The Australian government’s ARIIA Grants Program has announced the third round of funding, with 14 projects being awarded grants. The program aims to support innovative projects that will improve the quality of aged care in Australia.
Among the 14 successful projects is an online staff education program developed by Griffith University and Blue Care, which aims to improve pain assessment in people with dementia. Queen Victoria Care and the University of Tasmania are partnering on a project to build the skills, confidence and capacity of aged care staff to improve dementia care in residential settings.
Other projects receiving funding include a wellness program from Queensland Meals on Wheels and NACi Nutrition & Catering Institution, a project from Bolton Clarke Research Institute and QUT to support residents and prevent dementia-compromised behavioural issues associated with constipation, and an innovative dehydration testing device for use in residential aged care developed by Helping Hand Aged Care, University of South Australia and MX3 Diagnostics.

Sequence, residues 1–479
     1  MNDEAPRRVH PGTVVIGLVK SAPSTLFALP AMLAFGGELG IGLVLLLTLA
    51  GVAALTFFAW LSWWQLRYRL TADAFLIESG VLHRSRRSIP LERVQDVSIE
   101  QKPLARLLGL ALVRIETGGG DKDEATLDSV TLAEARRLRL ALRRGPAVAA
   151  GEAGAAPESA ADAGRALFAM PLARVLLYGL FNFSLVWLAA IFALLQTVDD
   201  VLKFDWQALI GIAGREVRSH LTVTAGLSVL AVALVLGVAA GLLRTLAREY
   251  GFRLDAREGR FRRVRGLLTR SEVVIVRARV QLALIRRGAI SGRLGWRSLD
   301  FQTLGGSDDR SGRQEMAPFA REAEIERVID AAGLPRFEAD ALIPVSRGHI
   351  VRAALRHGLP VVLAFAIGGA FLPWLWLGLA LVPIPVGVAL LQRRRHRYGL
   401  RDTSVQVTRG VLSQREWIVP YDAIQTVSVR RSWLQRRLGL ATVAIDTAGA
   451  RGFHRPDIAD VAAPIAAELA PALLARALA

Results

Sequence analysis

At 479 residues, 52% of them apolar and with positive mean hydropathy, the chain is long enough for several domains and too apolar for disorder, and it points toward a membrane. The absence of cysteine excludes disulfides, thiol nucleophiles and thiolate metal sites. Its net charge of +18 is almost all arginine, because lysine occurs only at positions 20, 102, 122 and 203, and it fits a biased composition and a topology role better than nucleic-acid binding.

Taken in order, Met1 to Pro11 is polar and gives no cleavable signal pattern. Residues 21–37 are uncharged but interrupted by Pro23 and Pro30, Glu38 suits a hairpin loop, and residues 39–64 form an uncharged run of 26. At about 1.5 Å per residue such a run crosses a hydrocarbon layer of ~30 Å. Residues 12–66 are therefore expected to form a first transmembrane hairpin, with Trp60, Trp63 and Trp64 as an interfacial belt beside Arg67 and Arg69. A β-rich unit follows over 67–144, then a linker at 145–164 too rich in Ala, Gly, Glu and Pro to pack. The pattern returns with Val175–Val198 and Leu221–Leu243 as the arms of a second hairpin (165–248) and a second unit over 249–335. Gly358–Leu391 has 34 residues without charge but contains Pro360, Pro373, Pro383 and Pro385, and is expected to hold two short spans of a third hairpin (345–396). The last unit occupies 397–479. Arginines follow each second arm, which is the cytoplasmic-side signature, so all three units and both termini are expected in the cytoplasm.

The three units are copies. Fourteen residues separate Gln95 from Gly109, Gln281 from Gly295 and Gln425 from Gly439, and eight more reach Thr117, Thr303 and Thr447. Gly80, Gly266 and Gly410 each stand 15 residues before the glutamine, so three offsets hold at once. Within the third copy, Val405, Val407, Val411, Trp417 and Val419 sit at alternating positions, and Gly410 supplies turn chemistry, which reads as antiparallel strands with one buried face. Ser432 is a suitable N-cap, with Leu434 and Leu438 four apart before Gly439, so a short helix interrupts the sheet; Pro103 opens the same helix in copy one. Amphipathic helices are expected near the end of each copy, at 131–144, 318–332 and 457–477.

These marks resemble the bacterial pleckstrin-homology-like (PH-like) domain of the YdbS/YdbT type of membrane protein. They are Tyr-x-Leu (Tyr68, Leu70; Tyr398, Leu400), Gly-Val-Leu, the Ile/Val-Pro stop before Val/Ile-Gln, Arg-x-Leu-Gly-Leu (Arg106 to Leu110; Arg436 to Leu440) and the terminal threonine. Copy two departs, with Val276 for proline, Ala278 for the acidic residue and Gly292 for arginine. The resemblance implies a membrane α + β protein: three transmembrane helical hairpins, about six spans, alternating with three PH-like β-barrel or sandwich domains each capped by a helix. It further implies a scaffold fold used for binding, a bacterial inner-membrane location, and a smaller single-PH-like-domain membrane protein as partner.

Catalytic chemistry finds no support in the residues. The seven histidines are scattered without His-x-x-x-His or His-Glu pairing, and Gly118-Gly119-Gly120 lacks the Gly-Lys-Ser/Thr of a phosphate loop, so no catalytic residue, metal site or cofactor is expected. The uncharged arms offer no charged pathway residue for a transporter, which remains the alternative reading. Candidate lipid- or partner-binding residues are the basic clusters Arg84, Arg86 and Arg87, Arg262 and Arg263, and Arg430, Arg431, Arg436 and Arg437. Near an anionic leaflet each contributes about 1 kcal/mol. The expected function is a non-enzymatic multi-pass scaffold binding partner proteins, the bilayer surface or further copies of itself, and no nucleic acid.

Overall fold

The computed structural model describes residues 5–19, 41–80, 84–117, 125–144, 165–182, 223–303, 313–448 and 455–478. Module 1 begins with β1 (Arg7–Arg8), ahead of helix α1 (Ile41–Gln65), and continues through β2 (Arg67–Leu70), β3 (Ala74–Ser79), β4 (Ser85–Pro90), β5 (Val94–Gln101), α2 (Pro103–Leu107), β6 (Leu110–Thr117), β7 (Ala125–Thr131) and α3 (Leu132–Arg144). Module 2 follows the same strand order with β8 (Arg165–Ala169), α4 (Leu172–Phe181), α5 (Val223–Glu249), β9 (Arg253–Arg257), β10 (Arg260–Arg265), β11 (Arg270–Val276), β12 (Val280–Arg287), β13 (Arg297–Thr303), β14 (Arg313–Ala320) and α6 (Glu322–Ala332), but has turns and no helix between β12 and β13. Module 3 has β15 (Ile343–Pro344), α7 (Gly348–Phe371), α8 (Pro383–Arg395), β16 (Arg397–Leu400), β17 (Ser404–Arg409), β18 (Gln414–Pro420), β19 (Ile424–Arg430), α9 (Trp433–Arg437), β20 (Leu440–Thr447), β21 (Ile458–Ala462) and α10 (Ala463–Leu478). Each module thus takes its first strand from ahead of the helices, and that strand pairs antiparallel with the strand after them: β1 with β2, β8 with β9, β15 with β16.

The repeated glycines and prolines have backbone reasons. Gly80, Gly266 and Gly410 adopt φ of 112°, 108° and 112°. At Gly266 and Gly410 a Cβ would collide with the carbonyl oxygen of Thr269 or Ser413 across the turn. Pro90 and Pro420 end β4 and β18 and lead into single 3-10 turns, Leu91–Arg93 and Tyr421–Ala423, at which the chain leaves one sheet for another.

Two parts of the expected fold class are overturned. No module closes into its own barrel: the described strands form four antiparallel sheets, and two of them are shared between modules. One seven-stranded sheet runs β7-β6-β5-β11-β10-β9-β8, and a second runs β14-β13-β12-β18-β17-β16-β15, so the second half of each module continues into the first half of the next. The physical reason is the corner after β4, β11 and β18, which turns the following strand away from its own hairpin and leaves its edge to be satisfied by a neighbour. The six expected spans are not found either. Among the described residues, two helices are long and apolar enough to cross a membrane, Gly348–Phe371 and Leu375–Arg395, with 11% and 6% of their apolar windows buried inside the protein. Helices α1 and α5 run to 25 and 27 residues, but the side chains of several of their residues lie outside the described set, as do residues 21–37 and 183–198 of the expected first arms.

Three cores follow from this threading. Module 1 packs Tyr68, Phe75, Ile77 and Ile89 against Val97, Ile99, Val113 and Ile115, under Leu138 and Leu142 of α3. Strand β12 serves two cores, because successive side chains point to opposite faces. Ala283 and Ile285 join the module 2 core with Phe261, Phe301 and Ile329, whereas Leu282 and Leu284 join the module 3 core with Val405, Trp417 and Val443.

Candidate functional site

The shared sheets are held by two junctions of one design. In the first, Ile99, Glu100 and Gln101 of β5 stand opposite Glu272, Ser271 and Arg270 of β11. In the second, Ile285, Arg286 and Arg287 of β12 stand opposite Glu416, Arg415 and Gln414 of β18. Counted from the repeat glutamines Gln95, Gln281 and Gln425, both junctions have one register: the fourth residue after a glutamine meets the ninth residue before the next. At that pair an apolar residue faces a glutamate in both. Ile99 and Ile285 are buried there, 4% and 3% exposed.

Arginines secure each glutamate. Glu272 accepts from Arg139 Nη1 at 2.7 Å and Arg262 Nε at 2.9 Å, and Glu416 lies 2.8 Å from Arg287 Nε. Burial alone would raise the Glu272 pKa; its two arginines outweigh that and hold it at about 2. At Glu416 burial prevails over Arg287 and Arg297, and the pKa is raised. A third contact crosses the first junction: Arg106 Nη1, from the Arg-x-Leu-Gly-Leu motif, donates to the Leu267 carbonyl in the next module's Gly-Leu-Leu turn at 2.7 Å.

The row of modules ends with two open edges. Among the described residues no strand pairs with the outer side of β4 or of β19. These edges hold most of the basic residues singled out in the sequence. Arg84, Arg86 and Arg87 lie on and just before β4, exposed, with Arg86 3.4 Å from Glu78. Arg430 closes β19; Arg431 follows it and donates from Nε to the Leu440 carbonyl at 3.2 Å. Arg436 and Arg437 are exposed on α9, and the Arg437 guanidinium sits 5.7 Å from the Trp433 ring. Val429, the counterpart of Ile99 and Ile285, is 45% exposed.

Microlearning technology provider Obvious Choice (2021 Future of Ageing Awards winner) in conjunction with Palm Lake Care, Community Based Support – Aged and Disability Care Services, Whiddon, Uniting Communities and Boston Bay Village for their micro-learning program to improve the competence of aged care workers in meeting the needs of persons living with dementia.
Swinburne University of Technology is partnering with RDNS Group to reduce depression in home-based aged care through digital technology intervention, while the University of Tasmania and Southern Cross Care (Tas) Inc. are bringing Namaste Care to people with dementia at the end of their life in residential aged care.
Other projects include a workforce capability assessment tool developed by the Aged Care IT Council, Ozcare, Anglicare Southern Queensland, VMCH, BaptistCare NSW & ACT and Swinburne University of Technology, and a world-first digital program from Moove & Groove, Twilight Aged Care and Australian Catholic University that enables more personable interactions between workers and residents in aged care.